During the hike, we had the opportunity to walk through several villages and a school, which we disrupted a lesson to say hello to the students. We were under the impression that we would be able to have more opportunity to chat with the locals instead of just walking through most villages. There were a few occasions where we sat down in a little shelter and had tea with a few locals and on another occasion, we stopped at a rail station and played Frisbee, jump rope and other games with the kids – such a great laugh.If you sneak more than just cities, I would suggest doing this as you get to see the Burmese countryside and trek though the mountains and forests. Having a bunch of fantastic characters to hike with is just an added bonus – I had 7 other solo travellers and a Dutch couple to share this experience with (who I meant along my travels). Hi guys!

Talk to the locals


Something you will hear throughout your journey, it is simply a Burmese greeting. The locals are a friendly bunch and ever since the recent reopening of Myanmar’s borders, I’ve found that they are extremely welcoming to foreigners and travellers alike. They have a burning curiosity and love to share their culture and history. The further out of Yangon you get, you’ll come across kids that will wave and cautiously approach you, hiding behind one another, echoing mingalabar. While venturing around pagodas and public areas, don’t be surprised if someone approaches you and they strike up a conversation. Don’t be fooled! They have a good command of the English language.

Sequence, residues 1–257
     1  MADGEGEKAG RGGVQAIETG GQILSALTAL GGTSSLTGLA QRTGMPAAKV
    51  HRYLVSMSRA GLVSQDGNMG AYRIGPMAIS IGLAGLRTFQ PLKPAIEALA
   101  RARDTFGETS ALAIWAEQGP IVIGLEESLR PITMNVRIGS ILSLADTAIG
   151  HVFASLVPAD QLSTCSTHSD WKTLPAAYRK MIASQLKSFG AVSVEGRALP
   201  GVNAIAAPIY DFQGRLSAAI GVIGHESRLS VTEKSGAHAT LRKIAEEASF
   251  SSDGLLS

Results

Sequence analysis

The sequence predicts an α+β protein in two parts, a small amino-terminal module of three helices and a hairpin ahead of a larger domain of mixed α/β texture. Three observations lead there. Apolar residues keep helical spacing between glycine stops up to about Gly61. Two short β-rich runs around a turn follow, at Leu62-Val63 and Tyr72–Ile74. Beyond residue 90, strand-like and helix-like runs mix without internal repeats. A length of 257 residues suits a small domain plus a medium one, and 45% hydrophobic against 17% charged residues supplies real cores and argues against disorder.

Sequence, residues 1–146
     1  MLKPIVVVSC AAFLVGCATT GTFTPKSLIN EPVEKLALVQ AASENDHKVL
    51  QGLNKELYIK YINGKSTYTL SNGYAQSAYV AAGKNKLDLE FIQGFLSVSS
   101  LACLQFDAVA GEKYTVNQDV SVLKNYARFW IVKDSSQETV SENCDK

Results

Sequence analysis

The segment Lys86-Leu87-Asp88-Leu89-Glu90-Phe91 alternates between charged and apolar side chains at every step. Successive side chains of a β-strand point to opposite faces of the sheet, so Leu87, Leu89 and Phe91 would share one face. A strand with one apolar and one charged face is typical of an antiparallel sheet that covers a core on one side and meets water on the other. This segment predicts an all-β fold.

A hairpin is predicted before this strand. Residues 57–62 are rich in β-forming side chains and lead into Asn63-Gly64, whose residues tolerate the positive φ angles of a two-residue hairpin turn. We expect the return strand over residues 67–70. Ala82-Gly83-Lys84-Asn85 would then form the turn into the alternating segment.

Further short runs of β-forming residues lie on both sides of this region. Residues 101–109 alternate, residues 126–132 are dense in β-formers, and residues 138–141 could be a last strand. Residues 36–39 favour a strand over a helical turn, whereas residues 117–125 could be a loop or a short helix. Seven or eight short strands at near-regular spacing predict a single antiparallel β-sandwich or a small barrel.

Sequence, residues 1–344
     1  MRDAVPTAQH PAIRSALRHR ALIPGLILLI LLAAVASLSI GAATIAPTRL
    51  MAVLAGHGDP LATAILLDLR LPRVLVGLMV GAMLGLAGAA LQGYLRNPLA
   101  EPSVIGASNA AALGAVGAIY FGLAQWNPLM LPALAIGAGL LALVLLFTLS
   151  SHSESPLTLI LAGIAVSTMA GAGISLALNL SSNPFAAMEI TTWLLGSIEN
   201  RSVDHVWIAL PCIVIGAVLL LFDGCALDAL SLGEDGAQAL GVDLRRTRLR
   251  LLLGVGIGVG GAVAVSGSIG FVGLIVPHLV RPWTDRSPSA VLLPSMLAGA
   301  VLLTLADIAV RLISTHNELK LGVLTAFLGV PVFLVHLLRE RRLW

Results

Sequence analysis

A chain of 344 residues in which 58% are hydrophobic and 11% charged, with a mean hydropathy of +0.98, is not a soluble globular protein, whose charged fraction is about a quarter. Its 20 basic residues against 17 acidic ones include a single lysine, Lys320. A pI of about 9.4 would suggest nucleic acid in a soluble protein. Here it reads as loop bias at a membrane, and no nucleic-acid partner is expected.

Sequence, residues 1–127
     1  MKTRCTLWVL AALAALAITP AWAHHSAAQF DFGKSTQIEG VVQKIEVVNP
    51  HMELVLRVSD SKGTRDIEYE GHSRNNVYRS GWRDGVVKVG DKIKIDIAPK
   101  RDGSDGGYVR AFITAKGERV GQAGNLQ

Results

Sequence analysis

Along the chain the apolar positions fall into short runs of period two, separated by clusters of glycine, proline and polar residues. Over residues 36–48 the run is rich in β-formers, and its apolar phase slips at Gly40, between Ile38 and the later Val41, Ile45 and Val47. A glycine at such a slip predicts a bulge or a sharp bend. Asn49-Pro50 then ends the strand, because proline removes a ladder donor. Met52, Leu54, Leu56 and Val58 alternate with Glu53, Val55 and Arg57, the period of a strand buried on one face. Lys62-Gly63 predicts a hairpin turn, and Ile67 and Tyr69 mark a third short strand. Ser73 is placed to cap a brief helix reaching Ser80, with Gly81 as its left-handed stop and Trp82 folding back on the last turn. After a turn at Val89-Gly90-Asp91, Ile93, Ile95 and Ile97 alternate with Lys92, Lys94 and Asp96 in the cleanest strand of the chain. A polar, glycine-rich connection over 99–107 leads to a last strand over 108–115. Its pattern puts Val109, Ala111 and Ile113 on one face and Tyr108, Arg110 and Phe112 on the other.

So next time you go to Myanmar, join someone for some Burmese tea (so much tasty goodness!) and listen to what they have to tell you.

Don’t skip Bagan

If I’m honest, I don’t know anyone who goes to Myanmar and doesn’t visit Bagan. There are over 2000 stupas and pagodas throughout the land to marvel at. Being one of the world’s most famous archaeological sites, there is a fee to enter the city, which can be paid in either USD or Myanmar Kyats.There are a few methods to explore the temples.
1. Hire your own driver to take you around.
2. Walk – it’ll take ages if I’m honest.
3. Rent an electric bike as scooters and motorbikes are illegal for foreigners to hire.As you can see from the photo below, we chose #3. Make sure your e-bikes are fully charged before taking off. One day, Tim ran out of battery juice and another day I almost ran out because I kept using my turbo. Whoops, rookie.Β Something that we did in Bagan was to go on a river/’alternative’ temple tour. We had the opportunity to be guided to three temples, which weren’t commonly visited by travellers and had a sunset cruise before heading home.
How could I forget?! You SHOULD definitely try dining at Weather’s Spoon. They served possibly one of the best meals I’ve had in Myanmar. It’s a little diner with literally writings on the wall from people around the world. Take me back!


Shwedagon Pagoda